California’s students’ Smarter Balanced test scores rose marginally in 2018-19, the fifth year of the tests, while showing little to no progress in closing wide disparities among ethnic, racial and other student groups, the California Department of Education reported on Wednesday.
The notable exception is Hispanic students, whose 5-year proficiency rate in both English language arts and math rose faster than those of white and Asian students.
For the first time, a majority — 50.9 percent — of all students who took the English language arts test met or exceeded the standard, the top two of four testing levels, the technical definition of proficiency at grade level. In math, 39.7 percent of all students met or exceeded the standard.
The Smarter Balanced tests were designed to demonstrate students’ competency under the Common Core standards, which California adopted in 2010. Most questions are multiple choice, with a performance task requiring students to demonstrate critical thinking and problem-solving skills. The tests are given in grades 3 to 8 and 11.
Under the state’s new accountability system, test scores are just one of several measures to evaluate school improvement. The California School Dashboard, the site that rates district and school performance on all of the measures, will be updated later this year.
Overall proficiency rose only about 1 percentage point for English language arts and math, compared with 2 points in 2017-18. After five years of Smarter Balanced, students who met or exceeded standards had increased 7 percentage points in both tests. That’s an average of 1.4 percentage points annually — less after discounting the large second-year bump that reflected familiarity with a new test.
This year’s small gain, “though not as much as we want, is what I would have expected,” said Julien Lafortune, a research fellow with the Public Policy Institute of California and co-author of a recent analysis of Smarter Balanced implementation. “It’s hard to expect drastic changes from year to year” in a test taken by 3.2 million students, but “sustained improvement, even if slow, adds up over time.” In Washington and Oregon, two neighboring Smarter Balanced states, math scores declined slightly in 2018-19.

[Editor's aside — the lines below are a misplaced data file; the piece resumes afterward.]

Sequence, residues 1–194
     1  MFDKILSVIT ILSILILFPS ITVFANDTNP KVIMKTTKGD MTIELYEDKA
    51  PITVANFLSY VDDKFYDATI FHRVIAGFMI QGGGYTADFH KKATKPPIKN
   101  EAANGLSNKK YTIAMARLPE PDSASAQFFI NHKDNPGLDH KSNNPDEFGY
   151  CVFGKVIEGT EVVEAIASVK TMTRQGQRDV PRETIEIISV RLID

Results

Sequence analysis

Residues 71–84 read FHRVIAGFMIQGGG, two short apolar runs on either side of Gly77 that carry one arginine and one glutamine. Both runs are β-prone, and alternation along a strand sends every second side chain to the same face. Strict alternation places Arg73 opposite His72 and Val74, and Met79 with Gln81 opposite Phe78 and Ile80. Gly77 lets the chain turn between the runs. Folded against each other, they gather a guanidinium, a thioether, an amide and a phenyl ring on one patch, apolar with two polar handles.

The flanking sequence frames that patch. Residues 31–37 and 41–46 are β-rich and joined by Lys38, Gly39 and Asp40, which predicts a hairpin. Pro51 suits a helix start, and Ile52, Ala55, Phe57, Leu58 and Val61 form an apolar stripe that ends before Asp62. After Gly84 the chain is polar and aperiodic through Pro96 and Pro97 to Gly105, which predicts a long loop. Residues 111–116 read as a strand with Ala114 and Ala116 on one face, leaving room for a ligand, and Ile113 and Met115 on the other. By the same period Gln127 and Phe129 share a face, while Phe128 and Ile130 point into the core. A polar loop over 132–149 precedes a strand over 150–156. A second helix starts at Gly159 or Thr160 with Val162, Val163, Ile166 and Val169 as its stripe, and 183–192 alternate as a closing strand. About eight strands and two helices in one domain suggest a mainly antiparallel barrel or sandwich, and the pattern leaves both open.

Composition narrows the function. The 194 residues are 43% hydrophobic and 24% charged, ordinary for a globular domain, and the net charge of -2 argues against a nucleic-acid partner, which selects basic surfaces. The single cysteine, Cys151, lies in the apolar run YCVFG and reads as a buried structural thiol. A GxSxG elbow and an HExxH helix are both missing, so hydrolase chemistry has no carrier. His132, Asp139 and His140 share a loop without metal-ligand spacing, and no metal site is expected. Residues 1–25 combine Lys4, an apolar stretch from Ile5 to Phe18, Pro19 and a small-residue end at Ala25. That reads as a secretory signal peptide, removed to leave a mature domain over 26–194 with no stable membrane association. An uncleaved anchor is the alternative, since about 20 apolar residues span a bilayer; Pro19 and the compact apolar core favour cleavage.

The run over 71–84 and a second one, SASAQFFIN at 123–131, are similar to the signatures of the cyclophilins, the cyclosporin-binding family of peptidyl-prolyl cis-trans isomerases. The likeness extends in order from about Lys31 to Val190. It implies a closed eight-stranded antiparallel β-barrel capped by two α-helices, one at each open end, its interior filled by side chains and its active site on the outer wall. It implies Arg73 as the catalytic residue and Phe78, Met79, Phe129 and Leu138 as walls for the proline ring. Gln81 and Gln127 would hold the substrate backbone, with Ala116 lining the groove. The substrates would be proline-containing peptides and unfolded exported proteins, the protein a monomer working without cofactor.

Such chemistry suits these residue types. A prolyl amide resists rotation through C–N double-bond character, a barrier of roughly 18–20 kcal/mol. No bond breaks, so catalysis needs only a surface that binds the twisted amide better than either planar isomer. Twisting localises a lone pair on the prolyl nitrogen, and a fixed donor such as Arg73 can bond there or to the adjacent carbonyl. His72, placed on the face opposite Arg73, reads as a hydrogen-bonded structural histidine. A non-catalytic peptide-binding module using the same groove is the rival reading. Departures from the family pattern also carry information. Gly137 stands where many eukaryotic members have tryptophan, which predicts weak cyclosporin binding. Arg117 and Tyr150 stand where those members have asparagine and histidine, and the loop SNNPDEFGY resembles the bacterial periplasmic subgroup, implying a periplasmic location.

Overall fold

What is disappointing is that “progress in math in elementary grades is not carrying forward to middle and high school. The average student is increasingly likely not to meet standards in middle and high school,” said Neal Finkelstein, co-director of the Innovation Studies program at WestEd, the San Francisco-based research and policy organization that tracked 10 districts’ work in math over five years through the project Math in Common.
In 2018-19, 50 percent of 3rd-graders were at or above standard in math. But after 4th grade, there was a steady decline: 39 percent proficiency in 6th grade, 37 percent in 8th grade, the critical year before Algebra I, and 32 percent in 11th grade — a factor behind the California State University’s proposal to require a fourth year of high school math or quantitative reasoning.
“You can’t sugarcoat that 60 percent of students are not making standards in math,” Lafortune said.
In English language arts, the percentages of students at or above standard have increased gradually or remained constant across grades: from 49 percent of 3rd-graders to 57 percent of 11th-graders in 2018-19.
“Transitioning to Common Core was the right thing to do, and the transition has been challenging on many fronts,” said Francisco Villegas, director of school transformation focusing on K-12 math for Partnership for Los Angeles Schools, a nonprofit that manages 18 schools in Los Angeles Unified.
Not all of the news is dreary. An EdSource analysis found that increases in English language arts proficiency in districts receiving the most extra funding under the Local Control Funding Formula — those with the most low-income students, foster youth and English learners — rose three times faster than those districts receiving the least funding: an increase over five years of 9 percentage points versus 3 points,
The gap between those districts is still huge: 39 percent proficiency in English language arts for districts with the most high-needs students versus 78 percent for those with the fewest, but the difference did close 6 percentage points since 2014-15. The pattern holds, to a lesser degree, with math.
Hispanic students, who make up the majority of California’s students, made the largest 5-year gains in proficiency: 9 percentage points in English language arts, double that of whites, and 7 percentage points in math compared with 5 percentage points for whites. But 28 percent of Hispanics scored at or above standard in math, compared with 54 percent for whites and 74 percent for Asians.
The state’s 334,000 African-American students made no progress in closing the performance gap. Only 1 in 5 were at or above standard in 2018-19 in math and in English language arts.
Scores for English language learners, a group that changes as students become proficient in English and are reclassified, remain dismal, with 13 percent at or above standard in both math and English language arts. About one-fifth of the state’s students are classified as English learners.